-Subjective probabilities play an extremely important role in human decision-making and govern

all aspects of our behavior

-Statistical decisions as we will make them have generally been stated with respect to frequentist

or analytical approaches, although even so the interpretation of those probabilities has a strong

subjective component. Recently there seems to have been a shift toward viewing probabilities

more subjectively

-Ex: Bayes’ Theorem which is essentially the use to subjective possibilities

- Any of the definitions will lead to essentially the same result in terms of hypothesis testing

-In actual fact most people use the different approaches interchangeably

5.2 Basic Terminology

- The basic bit of data for a probability theorist is called an event

-Event: the outcome of a trial

-The word event is a term that statisticians use to cover just about anything

-Whenever you speak of the probability of something, the “something” is called an event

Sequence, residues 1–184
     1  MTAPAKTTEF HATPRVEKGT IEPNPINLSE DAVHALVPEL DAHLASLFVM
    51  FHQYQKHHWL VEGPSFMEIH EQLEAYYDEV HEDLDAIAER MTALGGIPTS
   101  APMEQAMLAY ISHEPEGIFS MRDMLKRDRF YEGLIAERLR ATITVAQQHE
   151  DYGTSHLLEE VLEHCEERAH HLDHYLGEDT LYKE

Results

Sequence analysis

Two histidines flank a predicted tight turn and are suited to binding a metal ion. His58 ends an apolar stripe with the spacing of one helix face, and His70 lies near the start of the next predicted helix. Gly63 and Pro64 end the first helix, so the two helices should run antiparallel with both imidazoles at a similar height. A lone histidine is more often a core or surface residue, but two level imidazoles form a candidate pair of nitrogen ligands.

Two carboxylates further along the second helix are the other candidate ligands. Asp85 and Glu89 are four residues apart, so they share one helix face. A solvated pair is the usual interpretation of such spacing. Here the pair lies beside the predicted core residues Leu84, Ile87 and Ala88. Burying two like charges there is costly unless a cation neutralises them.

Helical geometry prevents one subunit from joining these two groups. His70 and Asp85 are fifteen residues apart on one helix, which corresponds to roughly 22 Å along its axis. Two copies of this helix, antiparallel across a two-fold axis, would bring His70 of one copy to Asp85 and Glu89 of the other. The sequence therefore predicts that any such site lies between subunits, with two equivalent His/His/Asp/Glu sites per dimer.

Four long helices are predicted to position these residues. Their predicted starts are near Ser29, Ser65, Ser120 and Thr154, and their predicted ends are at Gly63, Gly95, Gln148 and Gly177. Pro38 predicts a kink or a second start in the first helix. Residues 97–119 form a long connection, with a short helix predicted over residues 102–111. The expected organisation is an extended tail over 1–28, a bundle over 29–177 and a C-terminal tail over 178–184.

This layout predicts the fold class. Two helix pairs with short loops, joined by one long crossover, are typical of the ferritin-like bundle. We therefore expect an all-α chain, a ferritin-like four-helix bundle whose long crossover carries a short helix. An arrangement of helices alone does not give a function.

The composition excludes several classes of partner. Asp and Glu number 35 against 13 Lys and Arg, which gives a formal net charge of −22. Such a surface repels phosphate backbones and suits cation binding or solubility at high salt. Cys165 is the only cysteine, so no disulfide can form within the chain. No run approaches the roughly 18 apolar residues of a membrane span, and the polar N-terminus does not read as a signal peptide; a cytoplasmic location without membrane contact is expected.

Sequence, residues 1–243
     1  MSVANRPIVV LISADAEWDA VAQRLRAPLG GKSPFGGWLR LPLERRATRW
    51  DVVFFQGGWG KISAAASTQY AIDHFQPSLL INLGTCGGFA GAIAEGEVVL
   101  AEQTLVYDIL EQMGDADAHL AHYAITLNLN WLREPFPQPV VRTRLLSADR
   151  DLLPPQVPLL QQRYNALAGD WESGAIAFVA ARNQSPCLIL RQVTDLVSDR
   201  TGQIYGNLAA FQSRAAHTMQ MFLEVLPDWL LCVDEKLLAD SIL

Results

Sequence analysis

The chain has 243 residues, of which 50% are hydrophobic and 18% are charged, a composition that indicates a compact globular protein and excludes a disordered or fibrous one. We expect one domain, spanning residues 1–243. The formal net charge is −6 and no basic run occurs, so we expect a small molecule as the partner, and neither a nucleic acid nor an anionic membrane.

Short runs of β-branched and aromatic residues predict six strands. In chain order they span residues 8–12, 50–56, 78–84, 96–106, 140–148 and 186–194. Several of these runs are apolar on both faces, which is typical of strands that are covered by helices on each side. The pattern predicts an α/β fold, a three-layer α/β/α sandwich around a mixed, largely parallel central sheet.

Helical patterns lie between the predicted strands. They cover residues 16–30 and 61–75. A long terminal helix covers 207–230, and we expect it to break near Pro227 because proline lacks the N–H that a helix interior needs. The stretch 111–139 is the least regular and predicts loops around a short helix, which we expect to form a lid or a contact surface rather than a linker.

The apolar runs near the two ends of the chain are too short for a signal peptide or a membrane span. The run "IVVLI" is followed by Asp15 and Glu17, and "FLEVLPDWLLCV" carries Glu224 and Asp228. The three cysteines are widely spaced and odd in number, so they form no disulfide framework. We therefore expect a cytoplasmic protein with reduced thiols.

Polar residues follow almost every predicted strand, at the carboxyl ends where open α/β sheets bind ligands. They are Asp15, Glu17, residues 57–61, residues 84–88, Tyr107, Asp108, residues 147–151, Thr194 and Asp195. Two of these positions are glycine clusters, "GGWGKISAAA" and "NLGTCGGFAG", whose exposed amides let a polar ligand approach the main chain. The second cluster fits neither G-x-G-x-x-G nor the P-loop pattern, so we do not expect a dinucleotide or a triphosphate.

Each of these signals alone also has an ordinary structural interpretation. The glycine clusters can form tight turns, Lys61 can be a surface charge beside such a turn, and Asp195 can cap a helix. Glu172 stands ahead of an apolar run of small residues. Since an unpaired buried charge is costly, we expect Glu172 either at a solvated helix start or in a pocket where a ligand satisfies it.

-Ex: When we are dealing with a process as simple as flipping a coin, the event is the out-

come of that flip—either heads or tails. When we draw M&M’s out of a bag, the possible

events are the 6 possible colors. When we speak of a grade in a course, the possible events

are the letters A, B, C, D, and F.

- Two events are said to be independent events when the occurrence or nonoccurrence of one has no ef-

fect on the occurrence or nonoccurrence of the other

-Independent Events: Events are independent when the occurrence of one has no effect on the

probability of the occurrence of the other.

-Ex: The voting behaviors of two randomly chosen subjects normally would be assumed to be in-

dependent, especially with a secret ballot, because how one person votes could not be expected to

influence how the other will vote.

- Two events are said to be mutually exclusive if the occurrence of one event precludes the occurrence

of the other

-Mutually Exclusive: Two events are mutually exclusive when the occurrence of one precludes

the occurrence of the other